What You May Be Feeling...
Grieving can be a long lonely road marked by times of hopelessness and despair. There is no way of avoiding this pain. Losing someone by what may appear to be a deliberate decision may heighten specific aspects of grief. It is essential that you are aware of some of these feelings and how they may manifest within yourself, in your family and friends.
It is important to remember, however, that each person will grieve in his or her own way and that not everybody will experience the same feeling. Indeed, family members can be at different moments in their grief process, potentially causing some strain and tension. Most families have their issues and conflicts and in times of trauma, these may well surface. The death may be the latest in a series of stressful life events. Sometimes people say their relationship with the person who has died by suicide was rocky and even conflicted.
Anger is an extremely physical emotion, which grinds away at whatever strength you may be clutching on to. Anger can make you tense, extremely irritable and prone to huge swings of emotion. At times there will be feelings of rage directed at yourself, the person who has died, family and friends. You may want to blame someone and that blame may be targeted at anyone who comes across your path.
The effects of suicide bereavement can be wide ranging, including experiencing anxiety. The time after someone close has died is the time when you may be feeling most exhausted, confused and anxious. You may be very fearful, and experience intense stress.
People who have experienced a trauma like suicide bereavement may feel irritable, in a bad mood or worried that something awful is going to happen. People sometimes talk about getting upset at all the changes around them. They might have difficulty getting to sleep, or have nightmares, experience muscle tension, or nausea or trembling. You may feel your breathing is affected and may experience waves of panic.
It is important that people who are struggling access as much support as possible.
If anxiety begins to take over your life or the life of people close to you, affecting day-to-day activities, seek professional advice from your GP.
Depression has been described as anger turned in on oneself. Depending on your individual make-up, you may feel greater amounts of depression than anger or alternatively you may swing widely between the two.
Depressive feelings include a sense of being pressed into a dark space, a sense of not being able to move or see any light at the end of the tunnel. Physically you may feel totally exhausted during the day and lie awake at night tossing and turning into the early hours. Your appetite may completely diminish or you may find yourself eating indiscriminately or bingeing in a self-punishing way. Alcohol abuse, gambling, drug or other compulsive behaviours may all take an upward spiral. You may be worried about yourself or other close relatives or friends of the deceased. This may be the time to visit your family doctor or contact the Samaritans.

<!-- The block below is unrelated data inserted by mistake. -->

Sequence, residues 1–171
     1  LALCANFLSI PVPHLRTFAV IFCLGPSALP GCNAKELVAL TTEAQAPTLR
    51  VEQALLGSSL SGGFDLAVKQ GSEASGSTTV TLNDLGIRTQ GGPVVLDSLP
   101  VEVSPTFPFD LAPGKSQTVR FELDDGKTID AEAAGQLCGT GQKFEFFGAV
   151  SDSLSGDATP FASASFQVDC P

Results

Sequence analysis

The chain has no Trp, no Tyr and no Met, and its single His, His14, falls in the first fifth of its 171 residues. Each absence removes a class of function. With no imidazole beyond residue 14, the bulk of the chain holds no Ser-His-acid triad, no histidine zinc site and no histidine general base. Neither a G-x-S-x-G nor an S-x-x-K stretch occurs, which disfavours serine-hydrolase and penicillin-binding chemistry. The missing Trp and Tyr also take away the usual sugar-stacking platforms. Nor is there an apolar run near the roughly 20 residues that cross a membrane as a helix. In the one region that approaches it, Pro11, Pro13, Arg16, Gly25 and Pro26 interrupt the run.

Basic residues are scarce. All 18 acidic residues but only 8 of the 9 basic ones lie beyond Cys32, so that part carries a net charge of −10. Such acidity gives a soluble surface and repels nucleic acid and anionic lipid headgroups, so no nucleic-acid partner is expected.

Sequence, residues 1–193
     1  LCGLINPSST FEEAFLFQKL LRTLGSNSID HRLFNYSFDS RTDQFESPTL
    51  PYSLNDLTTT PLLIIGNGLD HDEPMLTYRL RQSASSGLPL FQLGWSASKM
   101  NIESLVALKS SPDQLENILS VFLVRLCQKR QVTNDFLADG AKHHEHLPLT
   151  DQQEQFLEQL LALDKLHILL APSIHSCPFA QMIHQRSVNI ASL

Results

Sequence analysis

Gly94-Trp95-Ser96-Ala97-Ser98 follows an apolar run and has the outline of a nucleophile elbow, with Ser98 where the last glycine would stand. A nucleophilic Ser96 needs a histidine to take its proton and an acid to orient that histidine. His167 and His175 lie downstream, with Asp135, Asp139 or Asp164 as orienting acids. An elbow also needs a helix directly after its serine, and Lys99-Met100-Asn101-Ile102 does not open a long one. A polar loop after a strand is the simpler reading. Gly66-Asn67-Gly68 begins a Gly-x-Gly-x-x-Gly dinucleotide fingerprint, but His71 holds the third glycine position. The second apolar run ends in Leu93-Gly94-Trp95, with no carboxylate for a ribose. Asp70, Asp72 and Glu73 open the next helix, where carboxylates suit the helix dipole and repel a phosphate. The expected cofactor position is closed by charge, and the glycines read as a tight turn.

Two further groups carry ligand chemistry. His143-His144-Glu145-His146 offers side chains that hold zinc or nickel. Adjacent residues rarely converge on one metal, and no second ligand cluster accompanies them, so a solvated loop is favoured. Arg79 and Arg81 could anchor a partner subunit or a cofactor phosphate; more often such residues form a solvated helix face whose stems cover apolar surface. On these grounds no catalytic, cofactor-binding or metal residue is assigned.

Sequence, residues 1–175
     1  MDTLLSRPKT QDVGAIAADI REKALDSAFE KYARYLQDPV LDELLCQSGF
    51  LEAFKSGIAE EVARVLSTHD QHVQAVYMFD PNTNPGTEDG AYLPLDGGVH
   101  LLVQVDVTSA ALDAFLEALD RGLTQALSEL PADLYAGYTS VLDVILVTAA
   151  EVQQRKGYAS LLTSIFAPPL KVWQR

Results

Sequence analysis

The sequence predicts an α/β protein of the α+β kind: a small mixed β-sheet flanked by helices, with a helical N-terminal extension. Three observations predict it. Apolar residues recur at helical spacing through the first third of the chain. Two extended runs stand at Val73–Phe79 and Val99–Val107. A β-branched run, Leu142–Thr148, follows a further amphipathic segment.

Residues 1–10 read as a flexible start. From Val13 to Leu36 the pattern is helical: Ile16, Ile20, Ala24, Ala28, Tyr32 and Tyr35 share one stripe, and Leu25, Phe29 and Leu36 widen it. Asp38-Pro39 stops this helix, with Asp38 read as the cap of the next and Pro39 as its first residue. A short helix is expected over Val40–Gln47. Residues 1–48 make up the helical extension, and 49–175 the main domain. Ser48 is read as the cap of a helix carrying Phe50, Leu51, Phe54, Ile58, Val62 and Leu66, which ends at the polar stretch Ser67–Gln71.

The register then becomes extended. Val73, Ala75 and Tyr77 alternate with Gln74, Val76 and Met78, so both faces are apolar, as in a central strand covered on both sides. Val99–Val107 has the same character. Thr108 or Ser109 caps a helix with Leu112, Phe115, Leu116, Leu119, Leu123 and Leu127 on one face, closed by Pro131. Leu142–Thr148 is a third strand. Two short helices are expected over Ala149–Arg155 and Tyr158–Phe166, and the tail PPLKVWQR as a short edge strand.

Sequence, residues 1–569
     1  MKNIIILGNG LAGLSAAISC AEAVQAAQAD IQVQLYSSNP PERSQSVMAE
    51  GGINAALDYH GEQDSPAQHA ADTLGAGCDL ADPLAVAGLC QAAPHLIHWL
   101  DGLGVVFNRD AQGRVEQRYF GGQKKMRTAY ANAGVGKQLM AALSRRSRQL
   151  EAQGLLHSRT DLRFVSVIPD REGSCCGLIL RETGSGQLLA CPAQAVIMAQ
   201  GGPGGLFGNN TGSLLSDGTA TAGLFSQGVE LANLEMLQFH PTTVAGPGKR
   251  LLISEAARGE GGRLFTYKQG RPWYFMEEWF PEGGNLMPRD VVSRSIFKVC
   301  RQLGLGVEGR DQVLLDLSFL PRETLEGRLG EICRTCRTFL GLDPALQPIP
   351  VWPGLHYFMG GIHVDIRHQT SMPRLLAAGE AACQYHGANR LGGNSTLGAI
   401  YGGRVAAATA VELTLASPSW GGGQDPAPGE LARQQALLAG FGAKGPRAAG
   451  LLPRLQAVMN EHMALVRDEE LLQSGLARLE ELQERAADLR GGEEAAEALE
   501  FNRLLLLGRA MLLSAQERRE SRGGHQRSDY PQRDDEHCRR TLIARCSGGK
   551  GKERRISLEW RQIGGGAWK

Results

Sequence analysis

People bereaved by suicide may question whether they can face living without the person who has died. For some, this may be a fleeting thought; for others, it can become a deep despair that leads to thoughts of suicide. If this is how it feels for you, please seek support from those around you or one of the organisations – Samaritans; or visit your GP.
In the face of such tragedy there may be an overwhelming sense of regret, self-doubt, self-blame and deep shame. These feelings may feel deeply rooted in your mind and body and may allow you little relief or personal solace. The questions that may shape in your mind could include some or all of the following:
You may have mixed feelings of guilt and even relief.
Time and support is needed in order to come to the understanding that suicide is an individual act. No one person is in control of another person's fate.
The death of a loved one by suicide is a traumatic event. Trauma can cause someone to be over whelmed and to feel under pressure.
Stress can affect how you feel emotionally, mentally and physically. Stress can also affect how you behave. Feeling emotionally overwhelmed, irritable and wound up; being anxious or fearful and lacking in self-esteem may signal stress. Stress can cause difficulty concentrating and making decisions; racing thoughts and constant worrying.
Our bodies show stress- headaches, pain, muscle tension, and experience dizziness or breathlessness. When we are stressed we may feel tired all the time, and yet have problems sleeping, Vivid dreams and nightmares related to the death may cause sleep disturbance.
Some people eat too much or too little when under stress. We may notice ourselves drinking or smoking more than usual. Stress can cause us to snap at people for very little reason or no reason at all, sometimes we are unable to deal with the small things. Stress can make us avoid things or people. This HSE website has some ideas that might help: Here.
If you're having any of these problems, you should talk to your GP.
Denial of what has happened is a form of self-protection and it will take time to come to terms with the reality of life without a loved one. You may feel shame and avoid outside communication for fear of stigma. You may feel people are avoiding you. You are not expected to provide reasons or explanations as to why your loved one is dead, and you can decide how much information you wish to share with others.
It may be helpful to talk to someone if you're finding that day-to-day life is overwhelming you.